That brings me pretty much up to date. The final piece of the puzzle that triggered a proper setup for aircraft tracking was when I routed a couple of CAT5E cables from the house out to the garage, which gave me a reliable gigabit link back to the house and the ability to install a wireless access point in the garage for all things untethered.

As with a lot of my projects I tried to re-purpose as much as possible as that’s half the fun! The mast for the aerial was made from the centre pole of an old rotary clothes dryer and the brackets were made from sections of a TV wall bracket welded together. The only purchase required was some suitable V bolts to hold the mast to the brackets.


Welded bracket
Rough but ready welding!
Mast fastened to finished bracket
Add a little paint …
Brackets & mast in situ

The next step was to construct a suitable aerial and luckily for me there were quite a few options out there … the simplest set of instructions I could find was here via the ‘Your First ADBS Antenna’ PDF link. I had to buy the SO-239 chassis connector ( these accept PL-259 plugs which will be familiar to all those like me who messed with 27MHz AM CB radio back in the day!) but the 1mm copper wire was taken from my collection of twin & earth cable off cuts. The connector is quite a chunky piece of metal so I needed a big soldering iron to apply enough heat to get the solder to flow … luckily for me I had my Grandad’s old Wolf iron. I used it at my peril though, after something like 60 years in existence the insulation is looking a little worse for wear …

My Grandad’s solder ironing is definitely showing its age!

Still, it survived … as did I, and I constructed the aerial ready for it’s new home. The copper wires were trimmed down to 68mm in length once soldered to the connector, this is 1/4 of the 1090MHz wavelength (told you I’d get to it later!). I’m no expert but maybe someone in the know can explain if this is a 1/4 wave aerial with a groundplane, a 1/2 wave dipole or something in between?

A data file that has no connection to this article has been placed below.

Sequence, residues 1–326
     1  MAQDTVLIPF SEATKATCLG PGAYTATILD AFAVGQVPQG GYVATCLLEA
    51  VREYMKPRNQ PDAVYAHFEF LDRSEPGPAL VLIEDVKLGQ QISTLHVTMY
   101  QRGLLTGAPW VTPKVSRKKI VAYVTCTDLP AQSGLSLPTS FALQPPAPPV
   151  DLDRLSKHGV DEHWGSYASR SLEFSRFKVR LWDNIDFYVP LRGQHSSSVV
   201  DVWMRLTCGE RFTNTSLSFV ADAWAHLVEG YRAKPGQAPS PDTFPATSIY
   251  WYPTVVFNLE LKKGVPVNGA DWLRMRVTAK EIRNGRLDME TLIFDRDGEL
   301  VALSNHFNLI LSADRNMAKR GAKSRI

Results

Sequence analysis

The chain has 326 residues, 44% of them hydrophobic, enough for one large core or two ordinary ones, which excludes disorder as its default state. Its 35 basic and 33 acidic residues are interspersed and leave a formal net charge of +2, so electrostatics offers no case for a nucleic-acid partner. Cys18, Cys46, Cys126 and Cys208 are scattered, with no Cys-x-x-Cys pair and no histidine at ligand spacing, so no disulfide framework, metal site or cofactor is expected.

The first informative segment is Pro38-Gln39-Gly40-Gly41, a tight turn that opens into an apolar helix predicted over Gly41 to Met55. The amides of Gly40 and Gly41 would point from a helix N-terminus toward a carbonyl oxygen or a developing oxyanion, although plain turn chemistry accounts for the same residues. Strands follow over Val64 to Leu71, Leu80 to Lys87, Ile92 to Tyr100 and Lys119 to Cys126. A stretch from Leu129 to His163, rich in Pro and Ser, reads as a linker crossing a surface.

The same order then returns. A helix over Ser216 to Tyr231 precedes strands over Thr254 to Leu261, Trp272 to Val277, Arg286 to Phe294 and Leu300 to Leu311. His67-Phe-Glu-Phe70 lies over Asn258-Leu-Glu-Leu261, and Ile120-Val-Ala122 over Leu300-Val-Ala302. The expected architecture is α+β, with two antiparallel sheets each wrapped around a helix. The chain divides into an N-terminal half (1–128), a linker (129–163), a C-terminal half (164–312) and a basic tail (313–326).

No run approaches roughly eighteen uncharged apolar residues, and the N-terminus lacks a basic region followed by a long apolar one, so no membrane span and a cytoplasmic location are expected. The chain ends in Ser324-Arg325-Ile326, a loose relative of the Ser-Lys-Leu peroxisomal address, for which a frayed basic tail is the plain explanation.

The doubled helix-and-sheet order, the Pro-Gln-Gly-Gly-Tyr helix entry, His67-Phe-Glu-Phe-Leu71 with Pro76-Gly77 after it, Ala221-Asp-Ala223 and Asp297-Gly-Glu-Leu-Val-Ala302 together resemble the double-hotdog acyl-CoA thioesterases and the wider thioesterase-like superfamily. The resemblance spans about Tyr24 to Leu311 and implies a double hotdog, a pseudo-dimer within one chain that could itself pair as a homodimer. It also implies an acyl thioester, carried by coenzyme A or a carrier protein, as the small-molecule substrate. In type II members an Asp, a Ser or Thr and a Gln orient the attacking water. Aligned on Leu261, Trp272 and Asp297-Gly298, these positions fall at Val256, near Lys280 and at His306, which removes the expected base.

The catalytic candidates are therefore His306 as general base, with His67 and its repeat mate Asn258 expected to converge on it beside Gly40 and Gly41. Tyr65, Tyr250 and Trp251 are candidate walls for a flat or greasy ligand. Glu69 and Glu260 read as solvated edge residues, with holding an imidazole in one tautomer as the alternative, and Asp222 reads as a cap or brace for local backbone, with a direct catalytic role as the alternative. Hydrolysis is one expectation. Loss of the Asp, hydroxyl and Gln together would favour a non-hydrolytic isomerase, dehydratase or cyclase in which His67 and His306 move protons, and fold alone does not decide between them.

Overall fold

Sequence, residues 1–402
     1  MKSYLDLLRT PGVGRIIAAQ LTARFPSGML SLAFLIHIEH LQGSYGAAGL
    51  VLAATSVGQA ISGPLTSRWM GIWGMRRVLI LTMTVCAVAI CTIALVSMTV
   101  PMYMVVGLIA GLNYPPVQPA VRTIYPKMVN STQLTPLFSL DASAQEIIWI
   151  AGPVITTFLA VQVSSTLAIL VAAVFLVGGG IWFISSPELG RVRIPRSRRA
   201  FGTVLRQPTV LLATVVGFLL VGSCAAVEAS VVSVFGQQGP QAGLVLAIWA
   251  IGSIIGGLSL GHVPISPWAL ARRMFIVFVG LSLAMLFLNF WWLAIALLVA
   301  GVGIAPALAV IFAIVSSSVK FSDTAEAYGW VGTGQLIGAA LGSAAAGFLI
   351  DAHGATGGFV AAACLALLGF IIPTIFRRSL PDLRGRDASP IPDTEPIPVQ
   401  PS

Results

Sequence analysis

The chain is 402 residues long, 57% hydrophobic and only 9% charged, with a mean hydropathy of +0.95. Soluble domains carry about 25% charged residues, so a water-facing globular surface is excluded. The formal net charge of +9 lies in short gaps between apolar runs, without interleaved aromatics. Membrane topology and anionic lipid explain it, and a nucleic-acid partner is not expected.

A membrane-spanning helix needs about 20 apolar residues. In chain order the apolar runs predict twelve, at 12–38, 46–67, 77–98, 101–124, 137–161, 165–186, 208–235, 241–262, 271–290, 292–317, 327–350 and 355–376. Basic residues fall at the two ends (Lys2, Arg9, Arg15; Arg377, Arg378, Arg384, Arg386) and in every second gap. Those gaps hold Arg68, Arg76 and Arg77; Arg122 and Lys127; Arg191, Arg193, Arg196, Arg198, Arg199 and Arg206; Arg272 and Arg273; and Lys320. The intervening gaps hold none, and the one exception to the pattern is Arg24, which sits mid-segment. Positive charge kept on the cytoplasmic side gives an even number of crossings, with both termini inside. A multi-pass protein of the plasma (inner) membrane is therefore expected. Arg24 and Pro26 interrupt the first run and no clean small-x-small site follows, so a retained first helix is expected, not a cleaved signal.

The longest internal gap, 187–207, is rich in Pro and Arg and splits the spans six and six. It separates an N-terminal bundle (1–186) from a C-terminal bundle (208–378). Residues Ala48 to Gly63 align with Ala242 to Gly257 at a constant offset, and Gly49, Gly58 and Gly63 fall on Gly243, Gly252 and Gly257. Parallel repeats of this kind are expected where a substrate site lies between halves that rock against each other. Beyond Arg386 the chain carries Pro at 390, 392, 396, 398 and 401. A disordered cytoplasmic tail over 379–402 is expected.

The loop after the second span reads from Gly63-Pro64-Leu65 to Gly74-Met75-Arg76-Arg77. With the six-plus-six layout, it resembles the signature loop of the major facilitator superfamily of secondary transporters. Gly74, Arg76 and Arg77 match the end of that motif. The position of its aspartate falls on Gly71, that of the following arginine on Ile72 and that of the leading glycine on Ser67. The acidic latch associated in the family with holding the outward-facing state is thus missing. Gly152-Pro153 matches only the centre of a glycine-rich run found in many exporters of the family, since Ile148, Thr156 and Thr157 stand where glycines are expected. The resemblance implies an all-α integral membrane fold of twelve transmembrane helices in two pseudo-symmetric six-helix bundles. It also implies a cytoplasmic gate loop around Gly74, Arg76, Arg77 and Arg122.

SO-239 & 1mm copper
SO-239 connector and lengths of 1mm copper wire.
Ready to start aerial soldering
A quick jig made from a timber offcut and the all important flux pen and soldering iron!
Soldered 1090MHz aerial
The 1mm copper soldered into place.
Finished 1090MHz aerial
The copper trimmed to length and the ground planes bent to 45 degrees … ready to go.

I bought a 5m length of RG58 coax cable terminated in PL259 plugs from eBay to link the aerial down to the receiver. I also bought an inline SO-239 connector (or female PL259 if you will) to MCX plug ‘pigtail’ cable to fit between the main aerial lead and the USB receiver socket. I think if I did this again I’d be inclined to buy the cable and connectors separately and construct my own cable as it would be neater and certainly cheaper.  

After 10-15 minutes of picking through my collection of self tapping screws the aerial was fixed to the top of the mast, the mast mounted back on the brackets and the cable routed down into the garage.

A bucket of bolts (screws)
The boring side of Making!
Aerial on mast
The aerial fixed to the top of the mast. You can just see the RG58 coax cable coming from under the plastic cover.
Finished 1090MHz aerial in situ
The finished aerial aloft its mast and mounted to the end of the garage.